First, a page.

I’ve noticed that some clients are resistant to sending email marketing messages about their work. Why? As authors who are seeking to promote a message, they are the recipient of other authors’ emails, and rather than enjoying the messages, they’re turned off by them.

Since they don’t want to annoy others, they assume the solution is to not send messages, at least to not send messages like the ones they are receiving.

Before I share two important aspects of effective email marketing, I want to first share a couple of important reminders about email marketing.

Follow email marketing best practices.In order to not annoy people with unwanted emails, it’s important to follow email marketing best practices, which includes ONLY adding people to your list who request to be added, giving you their explicit permission. You do not have permission just because you know someone personally, have emailed them directly, are connected to them on LinkedIn, or got their business card at an event. Typically, people give you permission to email them by filling out a form on your website.

Unsubscribe from unwanted lists.Your own fatigue about email marketing may be tied to the fact that you’re receiving emails that are irrelevant to you or unrequested. It’s possible you subscribed to these communications, but maybe you didn’t. If you are annoyed by or overwhelmed by them, unsubscribe, or choose to ignore and delete. Unless the emails are clearly dangerous, don’t mark as spam which can cause problems for the sender; instead, use the legally-required unsubscribe link.

People will gladly open and engage with email they want to receive, including email marketing they’ve intentionally subscribed to receive.

Think about a problem you’ve recently struggled with, or a challenge you’re looking to overcome. Suppose you landed on a website that contained valuable, helpful, and actionable ideas to address your issue. You feel so convinced that you’ll gain new insight from this expert that you enter your email address to subscribe to the content.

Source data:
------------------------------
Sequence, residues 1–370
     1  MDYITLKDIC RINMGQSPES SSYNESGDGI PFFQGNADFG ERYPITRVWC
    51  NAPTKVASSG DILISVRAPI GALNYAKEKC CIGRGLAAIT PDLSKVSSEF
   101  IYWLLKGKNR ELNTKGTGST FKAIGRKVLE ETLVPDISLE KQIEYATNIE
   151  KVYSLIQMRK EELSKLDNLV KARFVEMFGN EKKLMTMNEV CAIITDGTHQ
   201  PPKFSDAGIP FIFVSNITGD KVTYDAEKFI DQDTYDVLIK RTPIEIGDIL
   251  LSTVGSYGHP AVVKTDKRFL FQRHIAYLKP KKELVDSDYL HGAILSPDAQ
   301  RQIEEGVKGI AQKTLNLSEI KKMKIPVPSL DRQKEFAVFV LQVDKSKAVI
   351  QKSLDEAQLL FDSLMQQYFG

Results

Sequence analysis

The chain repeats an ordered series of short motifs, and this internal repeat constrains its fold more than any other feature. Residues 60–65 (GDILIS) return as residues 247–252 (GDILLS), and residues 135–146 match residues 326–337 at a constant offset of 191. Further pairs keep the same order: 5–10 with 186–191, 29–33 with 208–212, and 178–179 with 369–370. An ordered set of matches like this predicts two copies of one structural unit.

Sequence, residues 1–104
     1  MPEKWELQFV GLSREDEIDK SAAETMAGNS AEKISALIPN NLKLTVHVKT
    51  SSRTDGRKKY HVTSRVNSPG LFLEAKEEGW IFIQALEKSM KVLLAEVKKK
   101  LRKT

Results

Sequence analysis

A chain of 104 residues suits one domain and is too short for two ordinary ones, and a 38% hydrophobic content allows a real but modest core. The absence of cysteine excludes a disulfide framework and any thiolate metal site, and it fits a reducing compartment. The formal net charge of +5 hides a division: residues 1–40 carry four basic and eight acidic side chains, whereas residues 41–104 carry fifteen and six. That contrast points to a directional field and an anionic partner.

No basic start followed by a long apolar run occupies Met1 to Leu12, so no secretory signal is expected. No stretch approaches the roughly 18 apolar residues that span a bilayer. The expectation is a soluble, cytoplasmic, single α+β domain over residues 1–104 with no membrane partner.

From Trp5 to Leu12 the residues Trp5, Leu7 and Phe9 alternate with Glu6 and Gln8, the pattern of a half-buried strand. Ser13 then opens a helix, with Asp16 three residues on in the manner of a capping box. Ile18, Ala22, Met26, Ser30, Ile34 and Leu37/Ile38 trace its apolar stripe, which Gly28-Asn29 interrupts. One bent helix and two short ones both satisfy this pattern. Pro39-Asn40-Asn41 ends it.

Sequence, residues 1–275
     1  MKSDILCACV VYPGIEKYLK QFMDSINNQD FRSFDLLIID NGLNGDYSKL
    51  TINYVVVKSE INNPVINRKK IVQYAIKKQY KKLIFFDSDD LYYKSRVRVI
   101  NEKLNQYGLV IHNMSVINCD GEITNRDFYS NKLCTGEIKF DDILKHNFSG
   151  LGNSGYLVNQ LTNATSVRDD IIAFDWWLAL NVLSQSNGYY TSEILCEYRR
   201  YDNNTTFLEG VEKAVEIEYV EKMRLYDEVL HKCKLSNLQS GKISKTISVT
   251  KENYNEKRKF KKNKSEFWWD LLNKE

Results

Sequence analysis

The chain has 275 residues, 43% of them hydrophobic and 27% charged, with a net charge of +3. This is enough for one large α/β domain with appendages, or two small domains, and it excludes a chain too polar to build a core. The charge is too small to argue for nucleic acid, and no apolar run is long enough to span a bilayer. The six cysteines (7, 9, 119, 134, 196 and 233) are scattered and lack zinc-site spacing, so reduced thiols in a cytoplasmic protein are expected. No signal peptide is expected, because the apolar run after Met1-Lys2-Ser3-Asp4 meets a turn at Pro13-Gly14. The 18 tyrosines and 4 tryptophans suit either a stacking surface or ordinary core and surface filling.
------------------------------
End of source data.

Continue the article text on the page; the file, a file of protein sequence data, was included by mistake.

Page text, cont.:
What is your response when that expert’s email comes into your inbox? If you’re anything like me, you open it as soon as you are able to give it your attention. You read it carefully, scanning to see if it contains the answers you are looking for. If the email contains links to content that resonates with your area of need, you click it and consume that content. Then you eagerly anticipate the next message.

Here are two ways to ensure that people open, enjoy, and take action on your emails.

Provide content that compels them to learn more. My example above outlines the response we can expect when our email messages contain content of value to our audience. The more value you add that is specifically relevant to your audience’s needs, the more likely they will be to receive your email joyfully.

Give your email recipients a personal connection to you. The more personal an email, the more likely someone is to respond. Since email marketing is, by its nature, a one-way communication and impersonal, the more real you can become to your audience, the more they will want to hear from you. What can you share that will both help people learn and help people get to know you? How can you invite people into an ongoing conversation with you? What question can you ask to invite their participation and reply?

When you send email to people who have asked for it, send the content they are expecting and hoping for, and infuse as much of your own unique personality into each message, they will open and engage with what you send.